Apple released the first M1 iMac in April. The lineup features a stunning new design, 7 vibrant colors, and a 24-inch 4.5K Retina display. While the 24-inch variant is an adequate size for a large number of users, there are people who want a machine with a bigger display that is more powerful.
According to a new report by Bloomberg’s Mark Gurman, the Cupertino tech giant is working on a larger version of the M1 iMac. The machine will l ‘likely’ feature an M1X or an M2X chip.
Larger Apple Silicon iMac powered by new M2X chip in the works
As per the Gurman’s Power On newsletter, the tech giant is working on a replacement for the current 27-inch iMac it offers. Since Apple increased the display size from 21.5 inches to 24 inches with its latest Apple Silicon iMac, it is possible it could also increase the screen size of this upcoming model. Gurman has not commented on what the screen size of the bigger variant could be.
On the topic of processors, Gurman said that the new iMac will not feature the M1 chip that the smaller version comes equipped with. Instead, Apple could use an M1X, the more powerful version of the current M1, or an M2X chip.
I absolutely still believe that a larger, redesigned iMac to replace the Intel 27-inch models is en route. Apple increasing the screen size of the smaller model from 21.5 inches to 24 inches seems to indicate that the 27-inch model could see a size increase as well. I don’t think, however, that Apple will launch the larger model with the same M1 chip that’s in the smaller model. It likely will be an M1X, the beefier version of the current M1, or an M2X.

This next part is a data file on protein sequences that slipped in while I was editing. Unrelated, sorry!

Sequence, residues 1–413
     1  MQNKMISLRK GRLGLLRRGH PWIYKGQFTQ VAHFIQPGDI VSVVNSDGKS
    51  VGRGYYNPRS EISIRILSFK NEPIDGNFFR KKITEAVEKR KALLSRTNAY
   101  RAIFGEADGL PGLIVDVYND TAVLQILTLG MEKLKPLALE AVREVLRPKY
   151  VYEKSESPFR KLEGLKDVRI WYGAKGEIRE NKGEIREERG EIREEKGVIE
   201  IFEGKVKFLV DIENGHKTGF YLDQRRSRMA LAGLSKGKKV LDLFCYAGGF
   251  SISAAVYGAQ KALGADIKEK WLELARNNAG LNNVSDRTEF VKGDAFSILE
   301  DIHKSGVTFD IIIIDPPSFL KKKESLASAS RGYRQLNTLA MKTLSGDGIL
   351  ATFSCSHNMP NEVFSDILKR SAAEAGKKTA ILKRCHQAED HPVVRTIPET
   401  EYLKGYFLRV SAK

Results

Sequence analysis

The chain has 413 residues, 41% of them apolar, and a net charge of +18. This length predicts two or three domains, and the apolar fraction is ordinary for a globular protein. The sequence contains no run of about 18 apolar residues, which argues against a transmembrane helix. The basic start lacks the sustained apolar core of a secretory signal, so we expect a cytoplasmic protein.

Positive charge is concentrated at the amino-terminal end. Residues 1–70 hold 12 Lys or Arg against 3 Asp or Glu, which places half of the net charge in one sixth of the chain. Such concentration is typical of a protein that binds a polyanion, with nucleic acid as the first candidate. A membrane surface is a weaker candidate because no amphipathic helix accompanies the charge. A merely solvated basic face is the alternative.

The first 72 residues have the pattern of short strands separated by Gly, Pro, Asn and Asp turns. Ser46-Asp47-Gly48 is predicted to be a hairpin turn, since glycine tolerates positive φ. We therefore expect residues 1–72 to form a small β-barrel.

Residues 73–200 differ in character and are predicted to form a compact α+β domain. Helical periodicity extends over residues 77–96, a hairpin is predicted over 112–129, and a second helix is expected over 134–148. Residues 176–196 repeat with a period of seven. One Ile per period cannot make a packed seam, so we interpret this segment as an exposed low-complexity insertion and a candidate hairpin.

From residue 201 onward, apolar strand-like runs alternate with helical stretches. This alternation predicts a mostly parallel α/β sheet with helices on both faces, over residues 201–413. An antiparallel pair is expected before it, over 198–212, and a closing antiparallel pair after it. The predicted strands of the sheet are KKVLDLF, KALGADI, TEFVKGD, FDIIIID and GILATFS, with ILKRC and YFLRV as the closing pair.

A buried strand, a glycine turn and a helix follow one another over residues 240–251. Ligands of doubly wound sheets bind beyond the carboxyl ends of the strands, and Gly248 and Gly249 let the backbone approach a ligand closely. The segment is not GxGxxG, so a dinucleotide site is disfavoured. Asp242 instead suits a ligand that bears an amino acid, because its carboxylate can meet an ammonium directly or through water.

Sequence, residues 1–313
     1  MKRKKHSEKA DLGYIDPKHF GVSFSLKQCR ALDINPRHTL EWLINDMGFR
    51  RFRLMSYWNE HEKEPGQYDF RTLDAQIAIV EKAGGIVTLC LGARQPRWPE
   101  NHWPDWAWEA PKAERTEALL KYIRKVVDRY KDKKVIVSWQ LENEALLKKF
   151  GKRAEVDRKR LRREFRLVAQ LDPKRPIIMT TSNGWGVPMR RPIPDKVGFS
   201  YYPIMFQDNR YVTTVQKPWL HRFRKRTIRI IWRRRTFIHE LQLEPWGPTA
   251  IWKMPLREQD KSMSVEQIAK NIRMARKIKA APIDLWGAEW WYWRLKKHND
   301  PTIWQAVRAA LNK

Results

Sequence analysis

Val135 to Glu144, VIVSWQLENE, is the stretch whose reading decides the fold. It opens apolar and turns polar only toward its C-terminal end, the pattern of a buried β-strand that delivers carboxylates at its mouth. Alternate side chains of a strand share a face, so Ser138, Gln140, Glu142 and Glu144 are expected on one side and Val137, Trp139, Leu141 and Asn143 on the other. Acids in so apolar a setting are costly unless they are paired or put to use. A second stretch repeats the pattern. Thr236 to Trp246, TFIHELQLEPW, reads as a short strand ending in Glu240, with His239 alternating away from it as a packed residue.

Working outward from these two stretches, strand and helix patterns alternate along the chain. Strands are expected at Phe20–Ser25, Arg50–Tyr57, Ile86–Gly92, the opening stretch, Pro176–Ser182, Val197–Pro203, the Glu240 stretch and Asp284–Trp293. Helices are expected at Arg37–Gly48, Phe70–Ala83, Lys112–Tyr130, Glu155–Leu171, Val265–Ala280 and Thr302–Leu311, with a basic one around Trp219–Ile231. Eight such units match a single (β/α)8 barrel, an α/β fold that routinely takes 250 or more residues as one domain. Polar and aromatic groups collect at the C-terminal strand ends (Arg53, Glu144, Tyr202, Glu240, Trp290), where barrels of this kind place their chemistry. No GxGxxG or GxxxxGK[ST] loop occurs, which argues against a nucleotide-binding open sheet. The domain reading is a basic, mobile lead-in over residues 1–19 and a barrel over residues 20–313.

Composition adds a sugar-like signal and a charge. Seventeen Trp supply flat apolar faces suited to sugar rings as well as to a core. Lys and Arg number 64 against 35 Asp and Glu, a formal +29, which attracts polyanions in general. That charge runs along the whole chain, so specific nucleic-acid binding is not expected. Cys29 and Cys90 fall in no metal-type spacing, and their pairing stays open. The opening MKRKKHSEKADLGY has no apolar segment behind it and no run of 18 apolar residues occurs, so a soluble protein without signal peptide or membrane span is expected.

What we currently know about the M2 chipset is that it will power the upcoming MacBook Air model expected to launch in the first half of 2022. The chip is likely going to follow the same design that the M1 chip has with multiple performance and efficiency cores, built-in co-processors, unified memory architecture, and powerful graphics. The most significant upgrade of the M2 chip will be its graphics performance as it will be replacing discrete GPUs.